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David J. Raymond

Abstract

A two-dimensional, hydrostatic, nonrotating numerical model with a cumulus paramelerizafion is developed to study the early stages of mesozcale convective systems. Amplifying, forced gravity waves occur when peneirative downdrafts are present. Updraft heating by itself is unable to cause convective sysiems to intensify. Propagation speeds are in rough agreement with those observed in midlatitude mesoscale convective systems. The conditionalityof the convection and the horizontal advection of precipitation by the relative wind produce las between lifting and convection that are not found in conventional wave-CISK models. These lags slow the growth and reduce the propasation speeds of forced gravity waves.

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David J. Raymond

Abstract

The predictions of propagation velocity made by a linear model of moist convective instability are compared with actual case studies of severe local storms. Excellent agreement between observation and theory is found for a certain class of storms, namely those that propagate in a continuous fashion. The calculations suggest that such storms take the form of convectively forced internal gravity waves. The pattern of low-level convergence provided by the gravity wave organizes the convection, which in turn drives the wave.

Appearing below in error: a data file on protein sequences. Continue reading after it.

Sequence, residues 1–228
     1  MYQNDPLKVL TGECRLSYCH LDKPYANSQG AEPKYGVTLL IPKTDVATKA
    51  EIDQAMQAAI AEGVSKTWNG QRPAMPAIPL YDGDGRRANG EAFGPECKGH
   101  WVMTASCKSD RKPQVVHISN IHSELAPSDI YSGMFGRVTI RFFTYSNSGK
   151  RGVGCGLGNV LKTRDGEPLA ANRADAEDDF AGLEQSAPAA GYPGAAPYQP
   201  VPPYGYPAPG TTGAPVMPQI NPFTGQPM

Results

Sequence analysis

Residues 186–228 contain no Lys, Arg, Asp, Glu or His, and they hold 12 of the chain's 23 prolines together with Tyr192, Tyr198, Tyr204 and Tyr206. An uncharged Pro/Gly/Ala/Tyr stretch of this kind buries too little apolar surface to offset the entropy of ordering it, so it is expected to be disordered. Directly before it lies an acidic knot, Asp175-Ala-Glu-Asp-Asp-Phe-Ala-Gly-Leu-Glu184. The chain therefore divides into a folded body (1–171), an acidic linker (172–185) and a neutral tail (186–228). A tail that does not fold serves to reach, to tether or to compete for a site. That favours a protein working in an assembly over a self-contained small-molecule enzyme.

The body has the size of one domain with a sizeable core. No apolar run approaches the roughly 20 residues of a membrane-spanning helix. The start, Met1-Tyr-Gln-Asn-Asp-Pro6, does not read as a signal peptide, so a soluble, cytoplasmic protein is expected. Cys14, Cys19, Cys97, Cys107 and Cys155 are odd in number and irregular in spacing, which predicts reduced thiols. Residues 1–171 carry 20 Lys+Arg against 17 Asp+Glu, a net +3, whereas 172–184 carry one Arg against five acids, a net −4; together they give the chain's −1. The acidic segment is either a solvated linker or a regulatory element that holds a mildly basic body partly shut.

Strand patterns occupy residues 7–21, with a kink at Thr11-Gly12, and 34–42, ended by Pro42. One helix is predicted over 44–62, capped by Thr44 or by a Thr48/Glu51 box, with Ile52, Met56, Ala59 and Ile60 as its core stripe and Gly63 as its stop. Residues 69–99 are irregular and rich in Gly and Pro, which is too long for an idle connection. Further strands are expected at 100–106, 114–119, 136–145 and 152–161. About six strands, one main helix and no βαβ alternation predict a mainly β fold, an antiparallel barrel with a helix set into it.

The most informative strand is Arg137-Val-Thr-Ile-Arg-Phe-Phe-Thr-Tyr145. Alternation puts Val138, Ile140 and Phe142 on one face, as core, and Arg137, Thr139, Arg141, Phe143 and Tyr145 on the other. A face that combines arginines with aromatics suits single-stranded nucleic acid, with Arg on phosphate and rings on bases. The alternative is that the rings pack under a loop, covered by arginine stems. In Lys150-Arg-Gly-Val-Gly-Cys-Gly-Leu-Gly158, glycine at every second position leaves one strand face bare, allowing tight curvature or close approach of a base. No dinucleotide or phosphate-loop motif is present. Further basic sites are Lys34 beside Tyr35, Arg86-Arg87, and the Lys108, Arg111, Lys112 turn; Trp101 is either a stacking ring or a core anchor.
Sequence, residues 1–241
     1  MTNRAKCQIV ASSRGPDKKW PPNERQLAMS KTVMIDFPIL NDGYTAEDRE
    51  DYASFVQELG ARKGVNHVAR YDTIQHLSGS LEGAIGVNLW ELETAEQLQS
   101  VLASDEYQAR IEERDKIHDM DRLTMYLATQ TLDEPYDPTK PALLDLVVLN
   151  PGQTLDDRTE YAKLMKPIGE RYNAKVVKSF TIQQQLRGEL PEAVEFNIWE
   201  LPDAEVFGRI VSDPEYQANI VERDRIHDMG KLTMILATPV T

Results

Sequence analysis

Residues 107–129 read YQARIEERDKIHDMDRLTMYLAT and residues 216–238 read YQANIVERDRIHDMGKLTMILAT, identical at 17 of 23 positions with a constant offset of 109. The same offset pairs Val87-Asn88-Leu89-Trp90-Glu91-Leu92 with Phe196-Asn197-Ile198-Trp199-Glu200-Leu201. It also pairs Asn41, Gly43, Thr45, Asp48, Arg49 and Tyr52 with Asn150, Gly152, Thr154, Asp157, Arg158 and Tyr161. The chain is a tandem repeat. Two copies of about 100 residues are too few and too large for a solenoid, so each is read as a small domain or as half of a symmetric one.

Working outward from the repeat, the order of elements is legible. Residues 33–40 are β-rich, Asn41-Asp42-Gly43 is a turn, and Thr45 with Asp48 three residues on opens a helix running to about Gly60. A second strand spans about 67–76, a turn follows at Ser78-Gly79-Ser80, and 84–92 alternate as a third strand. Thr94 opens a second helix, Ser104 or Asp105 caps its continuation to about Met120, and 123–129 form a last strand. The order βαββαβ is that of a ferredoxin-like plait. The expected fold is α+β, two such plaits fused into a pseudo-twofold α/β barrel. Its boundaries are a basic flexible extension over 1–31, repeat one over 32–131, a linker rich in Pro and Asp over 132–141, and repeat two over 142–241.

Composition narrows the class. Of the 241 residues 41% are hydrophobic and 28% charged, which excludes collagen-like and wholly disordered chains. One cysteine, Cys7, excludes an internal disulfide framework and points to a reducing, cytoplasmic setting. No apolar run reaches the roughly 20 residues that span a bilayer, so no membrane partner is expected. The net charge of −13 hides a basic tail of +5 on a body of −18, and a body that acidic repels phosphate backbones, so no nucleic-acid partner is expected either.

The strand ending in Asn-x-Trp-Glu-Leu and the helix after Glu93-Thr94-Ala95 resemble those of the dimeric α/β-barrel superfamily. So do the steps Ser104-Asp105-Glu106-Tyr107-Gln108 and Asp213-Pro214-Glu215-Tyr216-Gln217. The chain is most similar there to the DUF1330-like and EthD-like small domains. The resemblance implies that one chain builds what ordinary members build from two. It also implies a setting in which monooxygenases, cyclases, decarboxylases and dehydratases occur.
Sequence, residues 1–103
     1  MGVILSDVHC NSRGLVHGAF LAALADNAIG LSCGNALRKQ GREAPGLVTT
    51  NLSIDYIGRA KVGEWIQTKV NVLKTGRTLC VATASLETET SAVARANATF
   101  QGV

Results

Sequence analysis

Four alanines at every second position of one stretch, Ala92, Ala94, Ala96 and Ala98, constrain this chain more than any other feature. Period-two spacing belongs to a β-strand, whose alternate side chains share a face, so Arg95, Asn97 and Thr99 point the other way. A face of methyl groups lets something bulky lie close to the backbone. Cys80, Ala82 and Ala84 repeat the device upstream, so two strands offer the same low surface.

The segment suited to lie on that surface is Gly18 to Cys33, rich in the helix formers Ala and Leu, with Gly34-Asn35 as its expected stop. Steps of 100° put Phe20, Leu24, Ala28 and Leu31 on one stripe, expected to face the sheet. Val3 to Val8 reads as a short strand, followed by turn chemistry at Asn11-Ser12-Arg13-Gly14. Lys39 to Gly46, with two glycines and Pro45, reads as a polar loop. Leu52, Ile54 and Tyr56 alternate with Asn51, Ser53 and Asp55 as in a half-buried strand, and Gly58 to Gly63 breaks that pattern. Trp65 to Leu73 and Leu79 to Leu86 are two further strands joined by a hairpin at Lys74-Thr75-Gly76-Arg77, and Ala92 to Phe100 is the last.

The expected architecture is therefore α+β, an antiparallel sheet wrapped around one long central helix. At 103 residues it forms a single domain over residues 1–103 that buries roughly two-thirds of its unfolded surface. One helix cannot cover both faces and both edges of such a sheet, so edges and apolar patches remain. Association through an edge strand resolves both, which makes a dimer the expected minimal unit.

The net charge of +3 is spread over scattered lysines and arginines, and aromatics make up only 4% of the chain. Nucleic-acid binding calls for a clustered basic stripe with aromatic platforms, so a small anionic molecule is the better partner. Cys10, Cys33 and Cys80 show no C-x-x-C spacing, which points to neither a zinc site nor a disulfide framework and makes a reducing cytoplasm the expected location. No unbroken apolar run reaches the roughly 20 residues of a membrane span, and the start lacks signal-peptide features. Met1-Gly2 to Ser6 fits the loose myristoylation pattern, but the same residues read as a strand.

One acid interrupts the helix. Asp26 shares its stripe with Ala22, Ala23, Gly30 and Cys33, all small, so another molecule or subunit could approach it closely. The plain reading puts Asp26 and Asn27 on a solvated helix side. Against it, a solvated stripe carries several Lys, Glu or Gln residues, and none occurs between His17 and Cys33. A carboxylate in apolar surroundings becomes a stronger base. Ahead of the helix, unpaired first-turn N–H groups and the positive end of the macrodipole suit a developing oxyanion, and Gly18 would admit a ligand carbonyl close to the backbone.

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David J. Raymond

Abstract

A new model of the Madden–Julian oscillation (MJO) is presented. Cloud–radiation interactions in this model make the tropical atmosphere susceptible to large-scale radiative–convective overturning. The modeled MJO takes the form of such an instability, though its behavior is substantially modified by the effects of surface heat flux variability. The dynamics of the disturbance in the model are quasi-balanced, in the sense that the low-level flow in the disturbance is more associated with the vorticity than with the divergence. The cumulus parameterization used in the model allows a lag of several days to exist between the strongest surface heat flux into a column and the development of heavy precipitation in that column. This lag plays a key role in model dynamics.